Content Headlines: Write Headlines That Click With Your Readers

Is the day of the great headline over? Here’s one of my favorites: “Crapper honored for flushing toilet.” It ran many years ago in a Chicago newspaper; and as the copy editors intended, cracked me up. The article was my introduction to Sir Thomas Crapper, the 19th Century plumber credited with inventing the flushing toilet. Turns out Sir Crapper’s claim to fame was a bit more myth than reality. He actually didn’t invent the modern convenience. He did, however, increase its popularity (sounds like a pretty easy marketing job) and improve upon the original model, according to Wikipedia.

Sir Thomas aside, the pursuit of web rankings has resulted in a lot of pretty forgettable headlines. There’s nothing memorable about “Ten Ways to Poach an Egg” but it just might show up in a Google Search on poached eggs. Localize it and your chances of it moving up the Google food chain are even better – “Ten Ways to Poach an Egg in Poughkeepsie.”

Still, the goal of a headline remains the same as it always has – to get someone to read your content. Today, you also want to be found by search engines.  The goals are not mutually exclusive.

Here are six tips for writing effective headlines:

  1. Figure out what works: Whether it’s your blog or other online content, track which headlines and posts get the most page views, time on site and bounce rate. Maybe it’s the topic, keywords or headlines. You should be able to get some idea what resonates with your audience.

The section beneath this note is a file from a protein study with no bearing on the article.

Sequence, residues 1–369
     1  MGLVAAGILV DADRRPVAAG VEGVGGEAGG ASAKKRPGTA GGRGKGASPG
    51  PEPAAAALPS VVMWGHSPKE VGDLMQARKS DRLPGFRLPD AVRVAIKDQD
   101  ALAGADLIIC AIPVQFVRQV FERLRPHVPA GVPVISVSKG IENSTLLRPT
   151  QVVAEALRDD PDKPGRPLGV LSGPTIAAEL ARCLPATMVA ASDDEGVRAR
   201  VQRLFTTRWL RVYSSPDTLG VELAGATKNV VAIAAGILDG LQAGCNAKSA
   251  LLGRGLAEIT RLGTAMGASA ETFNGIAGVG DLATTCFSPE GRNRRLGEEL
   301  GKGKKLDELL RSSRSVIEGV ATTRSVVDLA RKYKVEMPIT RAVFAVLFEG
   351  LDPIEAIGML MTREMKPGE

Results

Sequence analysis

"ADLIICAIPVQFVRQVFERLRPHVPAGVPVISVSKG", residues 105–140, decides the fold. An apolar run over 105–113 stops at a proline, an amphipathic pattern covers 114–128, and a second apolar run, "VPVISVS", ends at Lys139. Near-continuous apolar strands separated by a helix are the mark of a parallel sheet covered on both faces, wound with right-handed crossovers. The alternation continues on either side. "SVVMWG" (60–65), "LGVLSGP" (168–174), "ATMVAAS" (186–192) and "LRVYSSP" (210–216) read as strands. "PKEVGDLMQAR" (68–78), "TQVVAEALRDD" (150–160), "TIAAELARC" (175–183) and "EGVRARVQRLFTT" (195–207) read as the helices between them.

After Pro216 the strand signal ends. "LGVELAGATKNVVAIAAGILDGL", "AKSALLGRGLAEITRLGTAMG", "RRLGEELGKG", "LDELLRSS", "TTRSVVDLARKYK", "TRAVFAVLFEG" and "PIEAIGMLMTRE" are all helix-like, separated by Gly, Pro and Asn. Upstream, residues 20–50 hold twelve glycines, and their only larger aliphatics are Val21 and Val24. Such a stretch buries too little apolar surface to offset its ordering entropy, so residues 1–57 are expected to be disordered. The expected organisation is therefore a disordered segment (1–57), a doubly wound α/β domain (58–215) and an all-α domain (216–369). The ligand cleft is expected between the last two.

2. Be clear: Don’t expect the reader to look at your content if they don’t know what it’s about. Make sure you headline clearly indicates what the copy is about.
  3. Keywords count:  To make sure you optimize search, include the appropriate keyword or phrase.
  4. Size matters: Keep your headline short. Around 55 to 70 characters is optimum to ensure search engines don’t cut off your titles because they exceed the maximum length.
  5. Use powerful language: You don’t have a lot of characters, so use them wisely. Use the most powerful words you can and cut extras.
  6. Use catchy adjectives. Keywords and short headlines don’t preclude catchy.  Try to use bold adjectives to amp up your headlines.
  7. Tried and true: Headlines that drive readership often:
  • Ask or answer a question: What would you do with a million dollars?
  • Are controversial: Five reasons cold calls don’t work anymore
  • Convey a benefit: Tablets boost small business productivity
  • Use statistics:  50 percent of small business owners don’t take vacations
  • Include a number as in in ‘Ten ways to poach an egg with great results every time”

Great headlines take time. Don’t rush them. Do them right and you’ll be flush with readers. (You knew that was coming, right?)

 

 

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